It is about widening our acceptance and making allowances for diversity in how other people view the world, and how they deal with it.

xx

Comments

adlibby said…
I've often wondered the same thing. Thanks for that candid response. My own little doll has sensory issues and I've had a small taste of what it feels like to be the parent of a child acting out inappropriately and barely being able to control the situation while enduring the disapproving glares and stares. People do need to "think differently".
Sal said…
This is INCREDIBLY helpful, Hammie. Thanks, too, to Skye for asking the question.
Iheartfashion said…
This is such useful information Hammie. I encountered this situation at a playground once, with a teenage girl, and my kids were gawking and staring, so I just quietly explained to them that I thought she was autistic, but I had no idea what to say or do for the mother.
K.Line said…
I read this in the comments, Hammie and I thought the whole exchange was great. I particularly liked that Skye had the presence to ask you (a woman of experience and skill) about the best way to manage things. Shows how people are joining forces to understand autism - and maybe other special needs too.
Make Do Style said…
Well said and I will digest.
Skye said…
Thank you so, so much for answering my question Hammie!

When I was in the moment, one of the main things running through my head was "What Would Hammie Do?" - get that book deal woman, the world needs you! And then you make the "WWHD" bracelets and whatnot too...
~Tessa~Scoffs said…
I know some moms that had little calling cards made up that nicely explained their child's autism in a brief albeit gracious way. It was something like "My name is David and I have autism. Sometimes loud noises and crowds bother me..." or whatever. I thought this was a great idea but I just couldn't get myself to hand them out to strangers who were gawking when my autistic toddler had a meltdown.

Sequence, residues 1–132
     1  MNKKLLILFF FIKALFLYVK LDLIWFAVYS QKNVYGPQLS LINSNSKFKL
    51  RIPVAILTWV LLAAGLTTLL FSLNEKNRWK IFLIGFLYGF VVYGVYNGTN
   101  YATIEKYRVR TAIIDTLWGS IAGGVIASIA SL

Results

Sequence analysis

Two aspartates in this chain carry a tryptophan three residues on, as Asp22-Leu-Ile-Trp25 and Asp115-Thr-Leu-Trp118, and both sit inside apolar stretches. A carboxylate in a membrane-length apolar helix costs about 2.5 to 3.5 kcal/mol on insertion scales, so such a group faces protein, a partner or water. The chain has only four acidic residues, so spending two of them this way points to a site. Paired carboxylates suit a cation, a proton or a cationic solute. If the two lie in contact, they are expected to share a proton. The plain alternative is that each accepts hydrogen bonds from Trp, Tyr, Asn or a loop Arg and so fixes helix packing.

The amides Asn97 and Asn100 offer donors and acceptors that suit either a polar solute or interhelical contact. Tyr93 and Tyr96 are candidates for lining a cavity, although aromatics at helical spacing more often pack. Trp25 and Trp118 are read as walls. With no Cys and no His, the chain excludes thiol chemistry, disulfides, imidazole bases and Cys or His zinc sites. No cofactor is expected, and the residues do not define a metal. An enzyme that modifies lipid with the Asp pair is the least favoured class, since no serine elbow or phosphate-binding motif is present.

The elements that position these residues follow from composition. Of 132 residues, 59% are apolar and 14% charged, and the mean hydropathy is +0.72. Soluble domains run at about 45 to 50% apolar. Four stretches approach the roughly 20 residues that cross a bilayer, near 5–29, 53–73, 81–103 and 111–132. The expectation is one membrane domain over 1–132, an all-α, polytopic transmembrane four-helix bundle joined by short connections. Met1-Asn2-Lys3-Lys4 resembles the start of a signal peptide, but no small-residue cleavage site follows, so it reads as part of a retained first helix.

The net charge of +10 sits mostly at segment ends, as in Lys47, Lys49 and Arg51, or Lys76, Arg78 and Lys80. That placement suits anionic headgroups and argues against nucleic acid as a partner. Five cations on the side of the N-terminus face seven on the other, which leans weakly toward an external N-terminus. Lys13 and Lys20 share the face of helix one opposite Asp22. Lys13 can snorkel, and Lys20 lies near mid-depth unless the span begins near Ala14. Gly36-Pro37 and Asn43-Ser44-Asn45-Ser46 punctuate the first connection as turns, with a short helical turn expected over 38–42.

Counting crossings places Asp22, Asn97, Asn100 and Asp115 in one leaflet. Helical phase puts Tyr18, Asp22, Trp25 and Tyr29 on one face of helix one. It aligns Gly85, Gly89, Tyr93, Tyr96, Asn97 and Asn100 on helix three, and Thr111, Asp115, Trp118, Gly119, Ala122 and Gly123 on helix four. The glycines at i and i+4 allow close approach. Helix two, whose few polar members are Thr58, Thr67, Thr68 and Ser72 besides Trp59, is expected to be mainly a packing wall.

Nan P. said…
Thank you Hammie girl for the on-going education you provide me, and many others like me who know so little about this side of the world - and I don't mean OZ...! ;-)

Knowledge = understanding = a better place for all.

BTW, I like the "new" photos of Bratty and Boo in the side bar.
The Seeker said…
This is such good information my dear!!!

Yes, I agree, that book must be published!

Hope you're having a nice time

xoxo
WendyB said…
Skye is a hero!
deep_in_vogue said…
Great post and awesome advice!!
Cal said…
Good advice! For most of us it is just a matter of wanting to help but not being educated on how to do so. Thank you for your suggestions.
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Pamela said…
Oh boy, I have certainly been there. When my little guy was younger, my parents forced us into going to a character breakfast at Disney, despite my warnings. Giant cartoon characters and 200 screaming children is great for sensory issues. Anyway, my son punched Tigger in the face and we had to make a quick getaway. This kind of stuff happens all of the time when we're somewhere crowded. I really do rely on the kindness of strangers. Even a sympathetic look goes a long way when you're in one of those spots. Those autism cards sound helpful, but I don't think I could ever do that-- even though I'd love to embarrass those mean bystanders who say cruel things.